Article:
Coordinate Marketing campaign launch with Sales Management support.   Provide ample time for sales force training and sales campaign creation. Emphasize internal education to build sales force engagement and excitement around the campaign. Don’t restrict training to product and offer – be thoughtful about how this specific offer can lead to a relationship discussion. And remember, effective internal communication is more important than advertising.   If your sales force doesn’t understand the program, or isn’t excited about it, customers won’t be either.

Use analytics to improve productivity. Marketing and Sales Management should work together, using internal and 3rd party data to identify the most likely customers and prospects to respond to each campaign. These lists should be delivered to each sales person at the very beginning of a campaign, and results should be tracked, reported, and celebrated frequently.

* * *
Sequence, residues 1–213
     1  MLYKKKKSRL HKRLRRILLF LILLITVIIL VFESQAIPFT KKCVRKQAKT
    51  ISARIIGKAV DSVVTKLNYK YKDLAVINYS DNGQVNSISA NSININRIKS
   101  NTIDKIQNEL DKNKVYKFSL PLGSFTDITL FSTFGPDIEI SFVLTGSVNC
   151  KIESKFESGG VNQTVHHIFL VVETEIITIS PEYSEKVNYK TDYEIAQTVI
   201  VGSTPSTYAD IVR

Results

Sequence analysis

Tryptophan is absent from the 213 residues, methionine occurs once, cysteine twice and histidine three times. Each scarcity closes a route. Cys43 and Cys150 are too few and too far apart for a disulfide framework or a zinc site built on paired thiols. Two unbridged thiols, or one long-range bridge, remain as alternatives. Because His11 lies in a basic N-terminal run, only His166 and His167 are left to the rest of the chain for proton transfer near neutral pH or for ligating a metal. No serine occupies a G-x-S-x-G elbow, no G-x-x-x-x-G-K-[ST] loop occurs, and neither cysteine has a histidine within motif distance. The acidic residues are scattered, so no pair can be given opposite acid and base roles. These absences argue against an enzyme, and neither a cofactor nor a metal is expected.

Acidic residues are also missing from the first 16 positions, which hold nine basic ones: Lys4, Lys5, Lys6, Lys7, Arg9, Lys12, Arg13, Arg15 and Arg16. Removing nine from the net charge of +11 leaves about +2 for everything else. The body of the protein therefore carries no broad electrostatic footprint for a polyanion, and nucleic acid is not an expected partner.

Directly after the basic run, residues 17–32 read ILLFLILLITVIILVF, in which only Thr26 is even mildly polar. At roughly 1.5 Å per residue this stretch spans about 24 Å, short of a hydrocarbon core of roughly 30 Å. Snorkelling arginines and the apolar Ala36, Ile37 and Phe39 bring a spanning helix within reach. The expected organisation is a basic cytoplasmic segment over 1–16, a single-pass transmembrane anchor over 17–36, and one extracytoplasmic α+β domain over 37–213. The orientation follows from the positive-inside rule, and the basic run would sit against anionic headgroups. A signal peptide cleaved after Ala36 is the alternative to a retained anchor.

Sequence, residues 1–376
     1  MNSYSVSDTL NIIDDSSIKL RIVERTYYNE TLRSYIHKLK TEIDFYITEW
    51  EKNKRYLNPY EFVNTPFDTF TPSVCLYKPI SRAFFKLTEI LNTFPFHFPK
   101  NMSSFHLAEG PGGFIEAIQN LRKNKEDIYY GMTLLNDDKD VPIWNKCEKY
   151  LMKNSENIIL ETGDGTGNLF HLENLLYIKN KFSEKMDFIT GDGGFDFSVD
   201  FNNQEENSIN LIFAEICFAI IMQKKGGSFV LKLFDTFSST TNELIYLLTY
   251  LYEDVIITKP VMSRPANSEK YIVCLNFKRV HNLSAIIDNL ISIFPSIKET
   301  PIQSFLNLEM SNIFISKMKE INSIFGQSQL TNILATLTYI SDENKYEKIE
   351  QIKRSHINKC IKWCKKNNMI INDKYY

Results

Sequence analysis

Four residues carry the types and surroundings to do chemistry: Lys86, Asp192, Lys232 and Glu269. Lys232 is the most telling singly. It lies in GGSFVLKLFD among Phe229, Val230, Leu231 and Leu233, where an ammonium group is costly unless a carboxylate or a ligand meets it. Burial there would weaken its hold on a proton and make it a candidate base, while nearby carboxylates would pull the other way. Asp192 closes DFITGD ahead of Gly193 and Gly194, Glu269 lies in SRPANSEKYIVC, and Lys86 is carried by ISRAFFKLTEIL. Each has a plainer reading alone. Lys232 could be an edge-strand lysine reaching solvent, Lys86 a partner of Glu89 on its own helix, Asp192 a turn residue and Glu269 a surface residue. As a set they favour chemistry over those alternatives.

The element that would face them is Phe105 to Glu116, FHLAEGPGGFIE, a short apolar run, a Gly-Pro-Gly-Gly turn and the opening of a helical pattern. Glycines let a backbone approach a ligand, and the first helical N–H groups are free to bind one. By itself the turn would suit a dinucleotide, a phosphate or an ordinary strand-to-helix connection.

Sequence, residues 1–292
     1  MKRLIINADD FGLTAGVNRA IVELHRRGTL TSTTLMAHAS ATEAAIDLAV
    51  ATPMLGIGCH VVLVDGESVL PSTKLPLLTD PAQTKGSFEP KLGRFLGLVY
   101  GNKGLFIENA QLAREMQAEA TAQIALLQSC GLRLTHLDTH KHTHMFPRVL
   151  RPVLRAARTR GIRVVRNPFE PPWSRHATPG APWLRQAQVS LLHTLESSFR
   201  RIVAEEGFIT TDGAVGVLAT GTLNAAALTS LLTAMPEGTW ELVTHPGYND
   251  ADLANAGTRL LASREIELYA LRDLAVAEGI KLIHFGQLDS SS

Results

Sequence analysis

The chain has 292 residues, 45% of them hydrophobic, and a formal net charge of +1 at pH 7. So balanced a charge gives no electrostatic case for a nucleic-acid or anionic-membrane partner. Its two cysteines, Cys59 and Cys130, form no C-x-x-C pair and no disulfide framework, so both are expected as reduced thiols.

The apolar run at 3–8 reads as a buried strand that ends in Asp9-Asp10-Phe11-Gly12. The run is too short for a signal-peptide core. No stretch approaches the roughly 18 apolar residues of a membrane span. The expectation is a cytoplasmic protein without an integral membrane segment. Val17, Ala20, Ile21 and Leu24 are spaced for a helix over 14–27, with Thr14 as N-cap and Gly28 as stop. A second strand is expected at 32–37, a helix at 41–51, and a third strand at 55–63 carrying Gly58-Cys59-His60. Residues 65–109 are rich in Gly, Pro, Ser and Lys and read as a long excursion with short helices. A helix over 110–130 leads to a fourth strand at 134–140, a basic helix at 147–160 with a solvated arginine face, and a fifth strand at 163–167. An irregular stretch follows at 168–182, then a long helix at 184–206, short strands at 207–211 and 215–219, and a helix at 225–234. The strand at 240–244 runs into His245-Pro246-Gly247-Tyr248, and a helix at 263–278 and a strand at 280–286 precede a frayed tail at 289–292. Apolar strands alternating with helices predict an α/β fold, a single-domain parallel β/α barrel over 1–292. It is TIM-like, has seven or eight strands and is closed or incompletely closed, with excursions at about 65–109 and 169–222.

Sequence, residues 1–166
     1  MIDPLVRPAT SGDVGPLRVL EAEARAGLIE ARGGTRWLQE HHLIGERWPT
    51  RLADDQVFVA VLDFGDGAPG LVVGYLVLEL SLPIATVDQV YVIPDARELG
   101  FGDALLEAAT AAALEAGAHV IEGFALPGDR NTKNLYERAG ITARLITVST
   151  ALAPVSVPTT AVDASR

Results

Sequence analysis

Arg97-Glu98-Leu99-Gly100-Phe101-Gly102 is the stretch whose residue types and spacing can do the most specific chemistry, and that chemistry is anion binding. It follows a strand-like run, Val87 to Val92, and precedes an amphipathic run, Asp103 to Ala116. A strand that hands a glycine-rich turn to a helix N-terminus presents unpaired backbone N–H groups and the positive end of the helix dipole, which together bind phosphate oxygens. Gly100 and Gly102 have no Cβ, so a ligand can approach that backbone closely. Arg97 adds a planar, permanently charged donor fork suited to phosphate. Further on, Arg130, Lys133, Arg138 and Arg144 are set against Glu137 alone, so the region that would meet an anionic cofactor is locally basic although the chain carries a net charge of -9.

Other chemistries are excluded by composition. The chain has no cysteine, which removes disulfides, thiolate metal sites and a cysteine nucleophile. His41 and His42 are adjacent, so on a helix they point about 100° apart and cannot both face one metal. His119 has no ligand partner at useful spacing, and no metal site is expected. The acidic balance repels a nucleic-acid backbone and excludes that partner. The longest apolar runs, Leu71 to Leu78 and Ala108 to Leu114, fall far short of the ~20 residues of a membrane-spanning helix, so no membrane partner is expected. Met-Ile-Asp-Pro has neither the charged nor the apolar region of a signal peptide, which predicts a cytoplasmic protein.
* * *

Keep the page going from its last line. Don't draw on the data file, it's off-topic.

Create shared measurement and reporting. Since the Marketing and Sales goals are the same, common metrics for success should also be used, and shared Sales and Marketing reporting should be created and reviewed together at least weekly, and jointly presented by Sales and Marketing leadership to executive management at least monthly.

Actionizing It

The Six Point Plan for Marketing and Sales Collaboration may take 6-12 months to get fully in place. But it’s absolutely worth the effort. We have consistently found that when this approach is taken, the probability of your Sales and Marketing teams collaborating skyrockets, and so do your sales results.

Whenever we hear the need for strategy help, the first company we think about is Capital Performance Group. These people are strategic artists, pure and simple. Their focus is advisory, planning, analytic, and project management services for banks and credit unions. Managing Partner, Mary Beth Sullivan has assembled a deep bench of world class consultants including Mark Gibson, Rollie Johannsen and others that provide insights, value and actionable ideas for organizations large and community based. The company’s The Wire Newsletter always contains information you can use. Sign up at:

Mary Beth Sullivan can be reached at Mark Gibson can be found at